Heading south, we drove to the Mayflower Bocawina National Park. A distance of around 100 kilometers that eventually took us two hours. The number of topes, or “bumps” as they are called here, took on Mexican proportions. There only had to be a bus stop in the middle of nowhere and you could be sure that there were a number of speed bumps before and after the bus stop.
Arriving at Mayflower Park, we were amply briefed by a friendly park employee. All too gladly he showed us the grassy area where we could spend the night and the not too “fancy” shower. But the shower was there and that was nice.
There are four hikes to do in the park, three of which we eventually did in a day and a half. By now the hottest time of the day had arrived, but we were tempted by the possibility of swimming at Antelope Falls. The trail to this waterfall was relatively short but went up steeply especially at the end, so we really had to earn the cool down.
During the afternoon coffee break, several toucans flew by and the howler monkeys made themselves heard again from a distance. It was wonderful to be back in the jungle again. A second hike we walked shortly before dark and were lucky enough to see and hear a howler monkey up close.
Hike number three would go past a number of other waterfalls, and since the entire route was 15 kilometers, we decided to set our alarm at 6 a.m. so we could leave early. The highlight of our circular hike was again the falls. The jungle is so dense that animals have plenty of opportunity to hide and we did not see many. A few colorful birds did show themselves at times, thankfully.
The first waterfall of the day was also the highest and the one with the most difficult approach. The waterfall bears the name “Big Drop Waterfall” and we wondered if this name was chosen because of the route to it or the number of meters the water falls down here. Through a narrow and very steep path, we sort of “dropped down” with the help of ropes. It took a while before we received our “reward”. A waterfall and a dip in the cool water. The same route with a difference 150 altimeters in altitude we also had to climb back up again, which brought back the sweat we had just managed to wash off.
Other waterfalls followed including the “Tears of the Jaguar Falls” and the “Upper and Lower Bocawina Falls”. At the “Lower Bocawina Falls” we did put on our swimwear again, because what could be better than lying down in cold water in the middle of the jungle and enjoying the sounds and views around you.
Our next destination was also in the middle of the jungle and is called the “Jaguar Reserve”. A number of jaguars are said to live in this area, but whether they are ever seen was a mystery to us. Jaguars are nocturnal so the chances of seeing them are relatively slim. Still, the Cockscomb Basin Wildlife Sanctuary, which is the official name of the park, is worth visiting. There are a few hikes through the park and we were ready to put on our hiking shoes one more time.
We parked our car on a patch of grass that we were told was the helicopter landing spot. A strange place for a campsite, we thought. The 10 kilometers of gravel road winding through the jungle from the main road to the ranger station promised good things for tomorrow. A jaguar did not show itself just yet. However, we did pass a plane wreck that crashed here in the 1980s. In it was Dr. Rabinowitz, an American who ensured that this became the first (and still only) Jaguar reserve in the world. Through many studies of the nature here and studying jaguars, he eventually convinced the Belizean government that this territory needs to be protected. By the way, all occupants survived the plane crash.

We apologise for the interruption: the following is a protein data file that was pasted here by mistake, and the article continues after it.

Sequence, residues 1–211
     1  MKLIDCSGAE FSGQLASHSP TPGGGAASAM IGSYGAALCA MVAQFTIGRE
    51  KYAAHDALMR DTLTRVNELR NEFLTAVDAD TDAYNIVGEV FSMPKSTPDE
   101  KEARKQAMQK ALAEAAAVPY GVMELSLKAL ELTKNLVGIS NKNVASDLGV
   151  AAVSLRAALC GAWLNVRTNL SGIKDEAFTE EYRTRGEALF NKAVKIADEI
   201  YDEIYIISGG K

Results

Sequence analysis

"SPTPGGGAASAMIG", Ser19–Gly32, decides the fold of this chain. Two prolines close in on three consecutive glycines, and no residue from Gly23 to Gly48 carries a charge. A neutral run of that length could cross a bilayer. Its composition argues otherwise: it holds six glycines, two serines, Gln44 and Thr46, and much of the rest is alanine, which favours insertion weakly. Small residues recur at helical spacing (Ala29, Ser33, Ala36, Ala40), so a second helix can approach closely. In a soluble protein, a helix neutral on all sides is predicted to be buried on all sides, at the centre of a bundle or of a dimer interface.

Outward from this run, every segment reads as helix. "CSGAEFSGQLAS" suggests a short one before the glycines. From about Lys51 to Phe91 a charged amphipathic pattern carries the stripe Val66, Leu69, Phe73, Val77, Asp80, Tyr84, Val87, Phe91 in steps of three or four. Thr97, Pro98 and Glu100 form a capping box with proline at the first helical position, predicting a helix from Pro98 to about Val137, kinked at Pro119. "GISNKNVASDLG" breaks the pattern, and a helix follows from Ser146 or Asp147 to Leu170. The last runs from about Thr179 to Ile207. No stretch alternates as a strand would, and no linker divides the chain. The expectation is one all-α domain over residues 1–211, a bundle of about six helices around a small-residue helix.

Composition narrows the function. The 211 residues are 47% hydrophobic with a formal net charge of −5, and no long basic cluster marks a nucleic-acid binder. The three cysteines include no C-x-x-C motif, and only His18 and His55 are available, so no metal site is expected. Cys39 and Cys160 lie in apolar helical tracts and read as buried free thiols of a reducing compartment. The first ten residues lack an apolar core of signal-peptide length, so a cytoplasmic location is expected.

The alarm went off again at 6 a.m. and we noticed that we were getting better and better at getting up so early. Yesterday at supper we had made a plan to walk to the “Tiger Fern Waterfall”, but that plan was soon dismissed. We found out that at this popular trail, a tourist had died recently after she slipped and fell. Because of this, the government has decided that this hike can only be walked with a guide now. The guide would cost 70 US dollars and that for a trail of 3.5 kilometers. Since we found 20 euros per kilometer for a guide to be on the slightly expensive side, we sponteanouslyopted for the “Bamul loop” combined with the Wari trail and made it a nice hiking morning.
The highlight came about halfway along the route when we thought we spotted a Quetzal. The Quetzal is the national bird of Guatemala and a bird we would love to see. This colorful bird though does not like to be seen and we had not expected to see it in Belize. Unfortunately, it turned out to be a different member of the trogon family, but the “Coloured Trogon” is a beautiful bird nevertheless and in the end that is what mattered for us.
With one more night in the border town of San Ignacio and after a week our visit to Belize was already over. The country is not big, but we got a fleeting impression in a short time. Lots of hiking in the jungle and of course the highlight was our snorkeling tour at the island of Caye Caulker.
What quickly became clear to us is that the locals seem to come from all over the world. The Chinese run the supermarkets, the Rastafarians brought their calm from Jamaica, and since the official language in the country is English, it seems to have also given the Indians an idea to trade in their crowded subcontinent for a more relaxed lifestyle. In between these exotics walk the Creoles and Mayan descendants with here and there a Mennonite traveling by horse and cart according to tradition. A mishmash of cultures that we really liked a lot.